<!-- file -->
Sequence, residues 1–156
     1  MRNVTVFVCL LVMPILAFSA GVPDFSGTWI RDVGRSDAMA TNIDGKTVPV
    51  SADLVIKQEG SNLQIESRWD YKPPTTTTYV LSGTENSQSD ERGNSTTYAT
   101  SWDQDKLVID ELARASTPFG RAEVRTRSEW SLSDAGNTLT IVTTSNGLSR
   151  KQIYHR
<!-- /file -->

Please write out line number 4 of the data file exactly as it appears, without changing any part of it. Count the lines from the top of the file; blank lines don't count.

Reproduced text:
   101  SWDQDKLVID ELARASTPFG RAEVRTRSEW SLSDAGNTLT IVTTSNGLSR